So that’s my Mickelson report from Torrey Pines. If time and inclination permit, I’ll run over to the locker room to see if he has anything to say about today’s awful round. Or maybe I won’t. He might bite my head off!

Gotta go now. I smell burgers.

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Free-Lunch Reprise for Top 50 CEO

LA JOLLA, CALIF. — As you probably have heard, I paid something less than a hundred grand last year to have the consulting firm, Mackinsay & Company, find ways to enhance reader satisfaction while cutting costs at our Kansas City headquarters. Mackinsay, after making certain that my check had cleared, recommended that I fire forty staffers at Catch Basin and plunder the pensions of those lucky enough to keep their jobs.*

*Having just re-read A Christmas Carol, I rejected Mackinsay’s advice and gave every employee a Christmas goose and a copy of my latest book, Tour Tempo 2: The Short Game & Beyond, available as an e-book on all iPads, Kindles and Nooks.

Highland Links, Cape Breton Island

Top 50 courses like Cape Breton Island's Highland Links (above) could suffer if consultant's advice is followed. (John Garrity)

Mackinsay’s second recommendation called for a de-emphasis of golf course reviews (“because they’re closing more courses than they’re building”) offset by a boost in tour coverage (“because pro golfers get a lot more air time than golf architects do”). This advice made more sense, but I pointed out that qualified golf writers, such as I used to be, are paid immensely more than the quasi-galley slaves who work in my basement computer room.

Mackinsay’s rejoinder: “You only paid for two recommendations. A third will cost you forty thousand.”

So now that Mackinsay is out of the picture, I’m wrestling with a decision: Should I spend more time at pro tournaments, trying to extract something quotable from sweaty guys who spend most of their days in the hot sun? Or should I spend most of my time in the hot sun, playing the world’s greatest golf courses on behalf of my readers?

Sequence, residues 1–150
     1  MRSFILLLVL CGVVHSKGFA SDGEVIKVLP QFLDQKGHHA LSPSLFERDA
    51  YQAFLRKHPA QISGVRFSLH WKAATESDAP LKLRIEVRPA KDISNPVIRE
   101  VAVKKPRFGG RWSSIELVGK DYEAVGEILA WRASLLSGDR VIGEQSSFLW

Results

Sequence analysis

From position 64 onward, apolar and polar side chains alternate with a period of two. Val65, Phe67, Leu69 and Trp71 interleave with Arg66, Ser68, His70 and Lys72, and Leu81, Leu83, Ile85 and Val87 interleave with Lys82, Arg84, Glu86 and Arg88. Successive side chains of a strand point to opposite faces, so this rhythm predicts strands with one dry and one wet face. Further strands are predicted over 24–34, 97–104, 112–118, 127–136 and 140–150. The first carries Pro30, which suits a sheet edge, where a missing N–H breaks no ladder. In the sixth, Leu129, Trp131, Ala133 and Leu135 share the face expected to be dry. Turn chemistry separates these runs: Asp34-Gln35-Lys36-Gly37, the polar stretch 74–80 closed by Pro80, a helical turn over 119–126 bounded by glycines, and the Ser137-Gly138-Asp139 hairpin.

To help with that decision, I’ve put on my old reporter’s hat — the fedora with the press pass sticking out of the band — and planted my laptop on a black-fabric-draped table in the media center at the Farmers Insurance Open. I’m working for my old employer, Sports Illustrated, but I’m also here for you, my Top 50 readers. If something pops into my head that I am not contractually or ethically obligated to share with SI, I promise to share it with you.

Fortunately, nothing like that has yet popped into my head. And since it’s been a long day, I think I’ll pack up and drive over to the Del Mar Driving Range for a sunset bucket of balls.

Top 50 on TV: Nothing this week, but Phil Mickelson praised a couple of courses at his post-pro-am presser. “My favorite golf course out here is probably Hilton Head,” he said, referring to Pete Dye’s 51st-ranked Harbour Town Golf Links. “And I don’t even play there any more because it’s the week after the Masters.” Reminded that the U.S. Amateur was returning to 52nd-ranked Cherry Hills Country Club in Denver, Col., site of his 1990 Amateur triumph, Lefty said, “I loved that golf course. I thought it was spectacular. There is so much history there, from Palmer driving the green on 1, to Hogan backing up his wedge on 17 … you can’t help but feel it.”

Until prodded, Mickelson modestly left out his own contribution to Cherry Hills lore: his jaw-dropping concession of a 30-foot par putt on the first hole of his second-round match with perennial New Jersey amateur champ Jeff Thomas. “I’ll never forget the look that he gave me,” Mickelson recalled with a smile. “I ended up making a three- or four-foot birdie putt to win the hole.”

Those of us who were there remember that Mickelson minimized the length of his birdie try after the match, saying, “I wasn’t going to try to lag a two-footer. I thought it was a gimme.”

My contemporaneous account of Mickelson’s memorable week at Cherry Hills is in the SI Vault. Check it out.